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Home Learning Jazz Jazz Advice How Phrasing and Space Can Radically Improve Your Solos

How Phrasing and Space Can Radically Improve Your Solos

Have you ever had a conversation with someone who just wouldn’t stop talking? I’m talking about the kind of conversation where you worry for the other persons safety; there couldn’t possibly be oxygen going to their brain for minutes on end. Just a stream of endless words pouring into space and flooding your ears. It probably felt kind of exhausting, right?

On the other side of the spectrum, have you ever had a conversation with someone who had difficulty getting their point across? They stuttered, paused, started one thought, but continued into another. At moments you may have felt as if you were stuck inside the screen of a lagging computer, with no hopes of escape lest you perform a manual shutdown.

Both of these conversational situations can be equally frustrating for different reasons, and perhaps you may admit you’ve been an offender.

On this blog we often stress that music (and in this particular case, jazz) is a language. It’s not like a language, it is a language. And even if you know the right words to say (playing the right notes) and have a grasp of the accent, it doesn’t mean you are ready to communicate effectively.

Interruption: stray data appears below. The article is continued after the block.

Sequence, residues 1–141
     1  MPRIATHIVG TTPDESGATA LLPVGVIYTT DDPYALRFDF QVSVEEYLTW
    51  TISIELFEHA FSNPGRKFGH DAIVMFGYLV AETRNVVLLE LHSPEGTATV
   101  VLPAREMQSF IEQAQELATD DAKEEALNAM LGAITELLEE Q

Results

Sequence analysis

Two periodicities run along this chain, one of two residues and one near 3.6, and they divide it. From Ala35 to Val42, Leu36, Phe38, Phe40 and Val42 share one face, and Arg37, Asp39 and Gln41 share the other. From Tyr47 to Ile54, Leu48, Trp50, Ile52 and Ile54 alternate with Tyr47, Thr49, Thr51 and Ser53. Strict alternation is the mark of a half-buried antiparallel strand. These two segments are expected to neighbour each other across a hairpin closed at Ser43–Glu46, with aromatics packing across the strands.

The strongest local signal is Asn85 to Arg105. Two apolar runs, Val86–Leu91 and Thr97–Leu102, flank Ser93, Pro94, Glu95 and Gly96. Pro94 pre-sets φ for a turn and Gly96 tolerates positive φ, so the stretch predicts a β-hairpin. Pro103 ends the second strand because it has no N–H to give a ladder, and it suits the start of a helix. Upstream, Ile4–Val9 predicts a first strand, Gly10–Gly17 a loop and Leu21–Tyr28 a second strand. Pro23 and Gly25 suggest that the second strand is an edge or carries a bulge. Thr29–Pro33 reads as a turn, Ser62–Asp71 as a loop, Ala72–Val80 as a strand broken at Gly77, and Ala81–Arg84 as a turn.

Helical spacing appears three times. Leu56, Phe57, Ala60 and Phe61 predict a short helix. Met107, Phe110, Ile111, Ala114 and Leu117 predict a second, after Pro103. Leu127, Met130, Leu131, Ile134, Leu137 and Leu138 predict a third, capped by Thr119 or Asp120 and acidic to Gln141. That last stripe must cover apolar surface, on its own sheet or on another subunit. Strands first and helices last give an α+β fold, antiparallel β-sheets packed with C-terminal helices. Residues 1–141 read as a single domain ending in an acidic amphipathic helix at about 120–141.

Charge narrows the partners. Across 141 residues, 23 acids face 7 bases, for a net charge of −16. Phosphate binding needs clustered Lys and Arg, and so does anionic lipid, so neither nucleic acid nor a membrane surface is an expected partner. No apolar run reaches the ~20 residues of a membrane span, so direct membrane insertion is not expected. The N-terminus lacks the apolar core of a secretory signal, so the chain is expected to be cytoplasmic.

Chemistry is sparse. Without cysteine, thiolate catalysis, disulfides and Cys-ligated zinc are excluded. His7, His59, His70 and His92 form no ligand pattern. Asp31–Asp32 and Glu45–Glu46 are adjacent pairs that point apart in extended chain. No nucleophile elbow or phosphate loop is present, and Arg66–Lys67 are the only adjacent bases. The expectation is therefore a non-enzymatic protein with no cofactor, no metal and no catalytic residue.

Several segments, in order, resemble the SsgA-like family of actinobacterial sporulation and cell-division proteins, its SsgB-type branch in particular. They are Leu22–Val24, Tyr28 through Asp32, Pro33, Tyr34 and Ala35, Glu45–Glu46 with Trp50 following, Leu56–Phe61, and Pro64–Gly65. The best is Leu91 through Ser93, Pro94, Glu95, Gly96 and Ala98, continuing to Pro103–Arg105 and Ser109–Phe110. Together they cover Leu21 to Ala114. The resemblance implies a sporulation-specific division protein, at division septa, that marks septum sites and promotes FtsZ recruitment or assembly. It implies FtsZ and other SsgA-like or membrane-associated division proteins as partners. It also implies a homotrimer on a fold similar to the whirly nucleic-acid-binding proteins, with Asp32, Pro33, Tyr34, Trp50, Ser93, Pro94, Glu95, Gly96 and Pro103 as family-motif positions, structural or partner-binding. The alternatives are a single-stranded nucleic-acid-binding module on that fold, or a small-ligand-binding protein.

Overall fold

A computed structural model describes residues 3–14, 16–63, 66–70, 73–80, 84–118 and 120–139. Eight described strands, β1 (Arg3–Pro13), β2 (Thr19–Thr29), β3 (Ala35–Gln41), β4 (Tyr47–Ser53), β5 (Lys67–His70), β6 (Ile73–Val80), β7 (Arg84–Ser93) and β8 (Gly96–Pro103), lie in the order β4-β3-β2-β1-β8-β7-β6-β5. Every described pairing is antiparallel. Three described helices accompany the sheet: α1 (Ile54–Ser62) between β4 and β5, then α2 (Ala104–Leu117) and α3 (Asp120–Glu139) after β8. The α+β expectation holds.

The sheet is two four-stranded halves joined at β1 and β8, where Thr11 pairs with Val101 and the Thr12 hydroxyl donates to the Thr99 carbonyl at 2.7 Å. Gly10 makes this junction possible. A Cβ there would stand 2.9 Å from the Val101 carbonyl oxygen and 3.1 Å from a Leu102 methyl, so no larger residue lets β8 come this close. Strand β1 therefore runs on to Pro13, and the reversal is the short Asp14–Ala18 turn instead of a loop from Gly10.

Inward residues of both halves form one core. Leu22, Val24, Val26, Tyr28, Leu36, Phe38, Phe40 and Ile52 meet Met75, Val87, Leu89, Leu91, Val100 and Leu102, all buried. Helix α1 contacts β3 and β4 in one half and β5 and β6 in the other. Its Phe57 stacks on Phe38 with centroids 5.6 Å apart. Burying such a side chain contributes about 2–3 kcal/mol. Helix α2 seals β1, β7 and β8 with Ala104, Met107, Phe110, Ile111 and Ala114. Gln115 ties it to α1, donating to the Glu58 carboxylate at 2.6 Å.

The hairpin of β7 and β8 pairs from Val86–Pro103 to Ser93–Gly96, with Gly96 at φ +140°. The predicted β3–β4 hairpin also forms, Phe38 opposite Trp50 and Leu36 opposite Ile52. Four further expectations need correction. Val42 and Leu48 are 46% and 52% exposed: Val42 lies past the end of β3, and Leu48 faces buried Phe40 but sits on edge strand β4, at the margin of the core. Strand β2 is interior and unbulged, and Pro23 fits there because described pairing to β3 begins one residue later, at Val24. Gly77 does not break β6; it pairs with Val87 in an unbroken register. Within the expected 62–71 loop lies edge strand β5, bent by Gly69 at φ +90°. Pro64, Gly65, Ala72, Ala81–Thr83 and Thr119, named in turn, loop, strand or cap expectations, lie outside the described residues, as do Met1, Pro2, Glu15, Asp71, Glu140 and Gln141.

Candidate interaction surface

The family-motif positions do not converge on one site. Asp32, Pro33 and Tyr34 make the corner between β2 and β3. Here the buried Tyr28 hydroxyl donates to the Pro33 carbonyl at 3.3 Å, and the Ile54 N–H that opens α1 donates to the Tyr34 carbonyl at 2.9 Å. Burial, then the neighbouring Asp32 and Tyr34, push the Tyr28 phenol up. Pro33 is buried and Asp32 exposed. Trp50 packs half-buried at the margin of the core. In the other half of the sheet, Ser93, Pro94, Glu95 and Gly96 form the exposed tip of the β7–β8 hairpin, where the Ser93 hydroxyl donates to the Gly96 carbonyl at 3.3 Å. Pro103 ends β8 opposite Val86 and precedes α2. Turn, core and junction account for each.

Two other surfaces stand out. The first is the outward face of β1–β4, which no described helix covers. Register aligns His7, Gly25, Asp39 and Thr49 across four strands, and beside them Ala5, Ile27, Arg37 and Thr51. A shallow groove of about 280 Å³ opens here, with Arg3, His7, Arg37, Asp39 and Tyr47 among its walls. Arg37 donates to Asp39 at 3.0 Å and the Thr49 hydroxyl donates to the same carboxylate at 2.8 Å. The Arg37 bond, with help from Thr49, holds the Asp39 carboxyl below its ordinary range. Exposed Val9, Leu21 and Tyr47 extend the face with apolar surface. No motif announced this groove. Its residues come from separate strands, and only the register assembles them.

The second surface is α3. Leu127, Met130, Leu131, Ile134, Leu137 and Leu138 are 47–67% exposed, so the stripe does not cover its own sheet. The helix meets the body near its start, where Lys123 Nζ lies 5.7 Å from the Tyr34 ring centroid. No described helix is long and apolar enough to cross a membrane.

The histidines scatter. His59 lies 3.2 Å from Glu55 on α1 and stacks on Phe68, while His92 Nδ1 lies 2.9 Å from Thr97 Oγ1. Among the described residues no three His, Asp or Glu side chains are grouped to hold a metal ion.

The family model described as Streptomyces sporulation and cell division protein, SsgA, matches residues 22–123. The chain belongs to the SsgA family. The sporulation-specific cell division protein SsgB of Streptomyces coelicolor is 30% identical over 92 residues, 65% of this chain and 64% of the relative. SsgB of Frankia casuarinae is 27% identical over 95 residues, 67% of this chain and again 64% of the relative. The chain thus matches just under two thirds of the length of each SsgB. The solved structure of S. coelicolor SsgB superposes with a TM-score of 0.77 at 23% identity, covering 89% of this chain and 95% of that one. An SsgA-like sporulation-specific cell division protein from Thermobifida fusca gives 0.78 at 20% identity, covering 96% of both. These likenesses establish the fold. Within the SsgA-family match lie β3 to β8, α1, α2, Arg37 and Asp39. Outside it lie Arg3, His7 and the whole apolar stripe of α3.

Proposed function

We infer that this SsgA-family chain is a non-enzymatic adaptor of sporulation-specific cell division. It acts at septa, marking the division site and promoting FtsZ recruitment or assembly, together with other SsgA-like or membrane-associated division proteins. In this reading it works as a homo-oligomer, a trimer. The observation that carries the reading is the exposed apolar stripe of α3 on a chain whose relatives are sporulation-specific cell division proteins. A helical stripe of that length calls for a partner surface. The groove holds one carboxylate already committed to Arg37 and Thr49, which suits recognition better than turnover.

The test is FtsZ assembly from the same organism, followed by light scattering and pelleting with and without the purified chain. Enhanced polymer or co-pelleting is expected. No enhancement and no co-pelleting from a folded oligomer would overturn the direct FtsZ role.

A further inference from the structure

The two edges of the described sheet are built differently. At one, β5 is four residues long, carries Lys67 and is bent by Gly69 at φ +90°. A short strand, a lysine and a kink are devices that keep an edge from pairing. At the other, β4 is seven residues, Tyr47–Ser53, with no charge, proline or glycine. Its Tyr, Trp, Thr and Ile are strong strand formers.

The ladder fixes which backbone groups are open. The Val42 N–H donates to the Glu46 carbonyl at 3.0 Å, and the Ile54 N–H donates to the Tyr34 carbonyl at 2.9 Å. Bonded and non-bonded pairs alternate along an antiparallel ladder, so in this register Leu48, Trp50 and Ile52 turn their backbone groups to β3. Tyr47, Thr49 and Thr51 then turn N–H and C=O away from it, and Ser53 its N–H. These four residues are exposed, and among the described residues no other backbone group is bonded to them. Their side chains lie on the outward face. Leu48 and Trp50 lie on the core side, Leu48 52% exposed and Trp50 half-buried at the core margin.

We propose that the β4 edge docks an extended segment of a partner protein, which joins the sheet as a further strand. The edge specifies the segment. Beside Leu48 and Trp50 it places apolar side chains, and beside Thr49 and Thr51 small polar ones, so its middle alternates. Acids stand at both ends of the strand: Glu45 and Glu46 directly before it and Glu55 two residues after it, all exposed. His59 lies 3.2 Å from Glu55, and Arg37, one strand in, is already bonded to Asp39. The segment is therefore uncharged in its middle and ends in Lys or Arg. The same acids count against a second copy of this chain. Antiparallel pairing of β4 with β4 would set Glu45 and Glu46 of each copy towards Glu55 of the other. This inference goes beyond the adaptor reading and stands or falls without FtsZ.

In the same way I have described some frustrating conversational experiences, jazz soloists can often sound cluttered and wordy, or sparse and incomplete. This is because the soloist may be ignoring two very important aspects of playing a great solo:





So what is phrasing? Well, it’s essentially both the definition of a phrase and how to play a phrase. For our purposes and in this context, phrasing is simply: a complete musical idea and how you execute it. In other words, you take a breath and you express a complete thought that provides context and meaning to your musical conversation. We could go more in depth into what makes good phrasing (rhythm, harmonic context) but that’s for another time.

Let’s look at some examples of bad phrases in the English language:

Charlie Parker is good. He has a saxophone. He plays it well. I want to be like him. He pioneered bebop. Charlie Parker is a really smart guy.